Some days, the Christmases in my memories shine more vividly than the holidays of the present. My long ago childhood Christmases. My first Christmas as a teacher. That Christmas we were snowed in, and my male relatives rode their snowmobiles through the silent streets.
One of my best Christmas memories takes me back to a year filled with disappointments.
In that December of 2009, the Christian school where I had ministered for nineteen years had recently closed. I was out of a job and living on savings. I had just begun to try my hand at writing but had not yet connected with any writers. I felt isolated and a bit lost.
Through it all, my most encouraging supporter and official lifter-of-spirits was my best friend Nancy.
You’d expect that from a best friend of twenty years, right? But what made this unusual was that my friend Nancy was dying of breast cancer.
I had been with her almost every day of her two-year cancer journey. Somewhere along the way, God whispered a gentle word of preparation in my heart to let me know that this would be my sweet friend’s last Christmas.
Though we never spoke the truth out loud, I believe Nancy knew it, too.
In better days, Nancy had reveled in her Christmas preparations. She would sleep on the floor near the Christmas tree with her kids. Bake all her family’s favorite treats. Fill her house with decorations and presents and friends. And she loved the over-the-top Christmas decorations and frenzied pace at the malls and local stores.
For Nancy, Christmas shopping wasn’t just another chore. It was an adventure!
Of course, cancer changes things. Many days, my formerly-tireless friend could barely lift her head off the pillow. And watching my best friend prepare to leave us wasn’t exactly putting me in a holiday mood.
However, Nancy was intent on preparing one last holiday for her family. We figured it was unrealistic to expect too much. So we prayed and hoped for her to have a few hours of renewed energy. All we needed was a little bit of Christmas!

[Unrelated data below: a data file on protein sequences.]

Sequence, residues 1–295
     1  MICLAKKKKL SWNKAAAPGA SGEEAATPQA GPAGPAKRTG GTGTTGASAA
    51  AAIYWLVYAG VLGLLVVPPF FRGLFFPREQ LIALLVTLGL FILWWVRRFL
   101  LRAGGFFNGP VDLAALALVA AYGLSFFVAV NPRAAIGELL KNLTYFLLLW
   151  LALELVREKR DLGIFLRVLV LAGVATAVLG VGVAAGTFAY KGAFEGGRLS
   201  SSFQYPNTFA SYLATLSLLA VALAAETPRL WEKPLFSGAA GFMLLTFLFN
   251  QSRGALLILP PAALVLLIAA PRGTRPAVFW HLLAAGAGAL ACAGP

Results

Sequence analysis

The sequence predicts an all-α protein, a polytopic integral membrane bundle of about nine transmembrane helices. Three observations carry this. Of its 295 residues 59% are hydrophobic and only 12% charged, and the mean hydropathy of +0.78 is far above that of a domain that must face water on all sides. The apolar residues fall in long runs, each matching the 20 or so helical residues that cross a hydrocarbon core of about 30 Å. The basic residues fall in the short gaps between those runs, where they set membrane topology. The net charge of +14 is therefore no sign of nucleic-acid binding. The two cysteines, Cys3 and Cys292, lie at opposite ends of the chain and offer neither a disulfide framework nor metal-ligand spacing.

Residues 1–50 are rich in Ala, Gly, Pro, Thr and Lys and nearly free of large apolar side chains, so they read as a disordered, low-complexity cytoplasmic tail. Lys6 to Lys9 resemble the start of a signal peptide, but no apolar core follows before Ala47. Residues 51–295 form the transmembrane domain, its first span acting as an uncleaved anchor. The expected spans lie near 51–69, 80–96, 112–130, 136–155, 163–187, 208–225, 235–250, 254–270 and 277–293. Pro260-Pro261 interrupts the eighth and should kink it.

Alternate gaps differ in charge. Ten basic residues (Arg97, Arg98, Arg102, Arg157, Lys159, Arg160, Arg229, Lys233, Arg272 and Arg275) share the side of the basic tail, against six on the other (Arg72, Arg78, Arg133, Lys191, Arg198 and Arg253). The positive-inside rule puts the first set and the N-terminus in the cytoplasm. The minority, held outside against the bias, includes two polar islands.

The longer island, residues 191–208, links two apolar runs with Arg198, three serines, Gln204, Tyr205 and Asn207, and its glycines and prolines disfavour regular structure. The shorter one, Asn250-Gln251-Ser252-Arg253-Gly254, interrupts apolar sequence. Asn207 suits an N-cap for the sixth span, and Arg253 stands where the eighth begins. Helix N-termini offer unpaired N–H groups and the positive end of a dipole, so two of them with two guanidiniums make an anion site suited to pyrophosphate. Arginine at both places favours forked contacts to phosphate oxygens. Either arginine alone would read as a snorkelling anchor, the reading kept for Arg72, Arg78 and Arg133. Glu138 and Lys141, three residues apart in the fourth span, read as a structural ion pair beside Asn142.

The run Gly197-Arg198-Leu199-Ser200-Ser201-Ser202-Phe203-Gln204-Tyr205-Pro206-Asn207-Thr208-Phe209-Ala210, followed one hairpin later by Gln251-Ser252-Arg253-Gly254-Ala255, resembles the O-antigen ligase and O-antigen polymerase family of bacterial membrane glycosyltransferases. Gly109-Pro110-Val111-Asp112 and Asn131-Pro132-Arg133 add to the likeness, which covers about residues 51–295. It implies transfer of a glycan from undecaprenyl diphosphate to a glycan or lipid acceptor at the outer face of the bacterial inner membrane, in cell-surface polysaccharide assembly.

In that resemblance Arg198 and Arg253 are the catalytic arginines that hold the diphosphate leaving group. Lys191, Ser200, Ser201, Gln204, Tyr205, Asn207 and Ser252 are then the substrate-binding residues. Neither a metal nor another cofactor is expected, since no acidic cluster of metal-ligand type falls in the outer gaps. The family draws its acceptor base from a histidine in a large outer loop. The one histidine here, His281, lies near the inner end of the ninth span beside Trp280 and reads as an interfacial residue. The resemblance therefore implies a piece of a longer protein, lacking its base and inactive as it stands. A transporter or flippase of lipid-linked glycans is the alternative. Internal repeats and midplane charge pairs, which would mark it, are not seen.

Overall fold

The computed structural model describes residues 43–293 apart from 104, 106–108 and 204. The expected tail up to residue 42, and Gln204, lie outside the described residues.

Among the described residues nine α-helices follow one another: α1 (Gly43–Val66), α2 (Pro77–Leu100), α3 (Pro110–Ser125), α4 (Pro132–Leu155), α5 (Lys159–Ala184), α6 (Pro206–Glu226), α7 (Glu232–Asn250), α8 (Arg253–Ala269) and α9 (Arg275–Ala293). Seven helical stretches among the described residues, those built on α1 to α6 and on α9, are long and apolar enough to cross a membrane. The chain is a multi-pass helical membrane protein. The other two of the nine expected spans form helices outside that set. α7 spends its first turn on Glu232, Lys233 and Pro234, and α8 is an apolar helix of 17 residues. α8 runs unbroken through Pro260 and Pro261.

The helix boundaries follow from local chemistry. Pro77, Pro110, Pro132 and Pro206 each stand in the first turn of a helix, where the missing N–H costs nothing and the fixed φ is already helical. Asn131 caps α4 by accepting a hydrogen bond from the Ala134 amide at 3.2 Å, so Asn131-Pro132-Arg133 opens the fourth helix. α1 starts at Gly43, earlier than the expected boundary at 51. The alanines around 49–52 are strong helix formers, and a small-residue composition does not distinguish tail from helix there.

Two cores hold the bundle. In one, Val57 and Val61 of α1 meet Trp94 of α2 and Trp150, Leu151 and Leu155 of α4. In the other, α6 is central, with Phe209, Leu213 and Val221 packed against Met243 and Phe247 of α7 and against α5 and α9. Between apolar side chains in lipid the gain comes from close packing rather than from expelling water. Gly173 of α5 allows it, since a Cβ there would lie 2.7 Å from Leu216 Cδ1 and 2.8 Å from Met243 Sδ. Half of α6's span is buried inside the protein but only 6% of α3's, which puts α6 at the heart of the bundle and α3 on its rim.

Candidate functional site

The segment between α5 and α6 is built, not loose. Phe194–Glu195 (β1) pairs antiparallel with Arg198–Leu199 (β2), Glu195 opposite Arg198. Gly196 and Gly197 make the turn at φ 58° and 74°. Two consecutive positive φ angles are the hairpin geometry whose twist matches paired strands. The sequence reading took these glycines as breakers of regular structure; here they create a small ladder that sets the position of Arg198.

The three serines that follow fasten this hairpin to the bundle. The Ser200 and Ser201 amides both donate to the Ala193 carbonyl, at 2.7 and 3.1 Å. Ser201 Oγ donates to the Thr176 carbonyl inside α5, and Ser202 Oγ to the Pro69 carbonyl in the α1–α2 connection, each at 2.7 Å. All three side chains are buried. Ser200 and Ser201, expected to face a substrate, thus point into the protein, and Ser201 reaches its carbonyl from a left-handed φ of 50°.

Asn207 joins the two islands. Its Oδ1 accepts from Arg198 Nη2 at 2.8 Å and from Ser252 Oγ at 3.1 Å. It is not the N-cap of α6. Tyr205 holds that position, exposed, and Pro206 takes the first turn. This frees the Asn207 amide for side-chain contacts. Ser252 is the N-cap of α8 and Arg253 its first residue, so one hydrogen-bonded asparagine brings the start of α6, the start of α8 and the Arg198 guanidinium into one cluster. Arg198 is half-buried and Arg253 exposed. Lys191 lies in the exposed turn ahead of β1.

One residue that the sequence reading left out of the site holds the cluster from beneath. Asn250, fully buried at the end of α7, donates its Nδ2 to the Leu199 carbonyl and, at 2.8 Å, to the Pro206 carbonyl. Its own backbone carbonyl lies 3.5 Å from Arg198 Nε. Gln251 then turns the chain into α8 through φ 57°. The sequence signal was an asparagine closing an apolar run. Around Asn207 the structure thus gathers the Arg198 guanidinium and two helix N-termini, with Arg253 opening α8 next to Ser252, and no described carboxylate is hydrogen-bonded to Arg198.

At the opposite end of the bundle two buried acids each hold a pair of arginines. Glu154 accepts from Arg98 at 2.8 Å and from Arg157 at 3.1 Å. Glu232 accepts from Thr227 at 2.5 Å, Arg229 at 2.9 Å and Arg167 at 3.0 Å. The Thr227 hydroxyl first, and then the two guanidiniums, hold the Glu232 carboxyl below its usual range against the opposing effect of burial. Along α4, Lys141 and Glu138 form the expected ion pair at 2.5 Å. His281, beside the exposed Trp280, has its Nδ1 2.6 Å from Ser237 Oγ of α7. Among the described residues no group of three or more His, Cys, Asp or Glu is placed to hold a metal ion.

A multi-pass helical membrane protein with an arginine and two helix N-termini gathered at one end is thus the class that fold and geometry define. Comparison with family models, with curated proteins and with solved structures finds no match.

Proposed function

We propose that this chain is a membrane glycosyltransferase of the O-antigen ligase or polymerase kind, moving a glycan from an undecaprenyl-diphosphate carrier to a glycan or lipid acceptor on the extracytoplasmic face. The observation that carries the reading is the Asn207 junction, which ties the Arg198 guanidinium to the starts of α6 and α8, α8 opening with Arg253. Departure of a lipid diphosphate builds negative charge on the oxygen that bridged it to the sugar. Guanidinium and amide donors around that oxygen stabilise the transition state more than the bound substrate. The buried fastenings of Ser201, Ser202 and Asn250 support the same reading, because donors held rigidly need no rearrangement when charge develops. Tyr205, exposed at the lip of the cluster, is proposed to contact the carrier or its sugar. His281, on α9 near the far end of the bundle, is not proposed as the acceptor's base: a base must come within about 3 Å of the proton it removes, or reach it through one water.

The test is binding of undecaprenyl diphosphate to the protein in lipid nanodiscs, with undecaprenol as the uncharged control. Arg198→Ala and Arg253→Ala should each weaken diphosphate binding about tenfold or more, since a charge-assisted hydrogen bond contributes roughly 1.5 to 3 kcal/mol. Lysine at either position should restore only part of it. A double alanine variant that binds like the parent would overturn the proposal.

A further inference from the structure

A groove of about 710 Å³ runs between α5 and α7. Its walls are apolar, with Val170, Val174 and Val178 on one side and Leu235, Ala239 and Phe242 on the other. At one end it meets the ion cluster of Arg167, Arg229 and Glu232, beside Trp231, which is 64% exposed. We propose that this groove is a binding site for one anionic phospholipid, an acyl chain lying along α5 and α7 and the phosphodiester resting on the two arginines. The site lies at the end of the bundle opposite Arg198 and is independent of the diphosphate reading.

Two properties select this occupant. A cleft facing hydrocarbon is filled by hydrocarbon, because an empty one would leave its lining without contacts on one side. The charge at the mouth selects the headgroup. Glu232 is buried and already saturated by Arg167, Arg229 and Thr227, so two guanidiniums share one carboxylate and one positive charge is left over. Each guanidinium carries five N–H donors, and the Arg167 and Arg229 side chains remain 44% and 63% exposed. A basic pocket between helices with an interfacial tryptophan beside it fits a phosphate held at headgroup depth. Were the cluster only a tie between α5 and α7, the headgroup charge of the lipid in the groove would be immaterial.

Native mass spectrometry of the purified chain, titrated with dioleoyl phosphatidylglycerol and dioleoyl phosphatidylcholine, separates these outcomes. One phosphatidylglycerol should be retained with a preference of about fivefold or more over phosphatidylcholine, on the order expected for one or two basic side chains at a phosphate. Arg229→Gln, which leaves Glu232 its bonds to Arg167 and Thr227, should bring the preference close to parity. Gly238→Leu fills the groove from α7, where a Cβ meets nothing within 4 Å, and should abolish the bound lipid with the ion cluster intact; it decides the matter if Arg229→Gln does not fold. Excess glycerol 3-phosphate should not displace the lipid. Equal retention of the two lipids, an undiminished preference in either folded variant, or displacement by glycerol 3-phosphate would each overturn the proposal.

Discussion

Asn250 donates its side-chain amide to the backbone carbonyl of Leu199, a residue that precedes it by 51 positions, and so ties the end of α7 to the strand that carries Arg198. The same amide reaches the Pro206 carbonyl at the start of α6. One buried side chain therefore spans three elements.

My job was to remain on stand-by. If the energy should come, I was ready to bundle her into the car and fly to our local WalMart for an impromptu shopping spree.
And that’s exactly what happened.
At the end of a particularly good day, she said, “Let’s go shopping tomorrow.” So we did.
We hid Nancy’s hairless head under a felt hat, wrapped a colorful scarf around her throat, made sure her surgical mask was in place, and headed for WalMart. Once there, she settled herself on an electric scooter, tested the controls, and away she went.
That day, the store seemed to be filled with folks who knew her. She took time to chat with every one of them. Then began the serious shopping. Nancy flew up and down the aisles, filling her basket in record time. I stopped trying to keep up with her and made myself comfortable on a bench near the checkout.
Whenever I caught a glimpse of her, she was beaming beneath her mask.
For those few hours, she could forget about medications and white blood cell counts and ports and chemo treatments. But when the day was done, so was Nancy. Almost as quickly as she’d rallied, she faded. She was already asleep by the time I left her house.
Nancy had other good days before God took her home eight weeks later. But none like that day.
Maybe that’s why I don’t react like others do when they see stores putting out their Christmas things at the end of October. For me, it’s never too early.
I’m always in the mood for a little Christmas, aren’t you?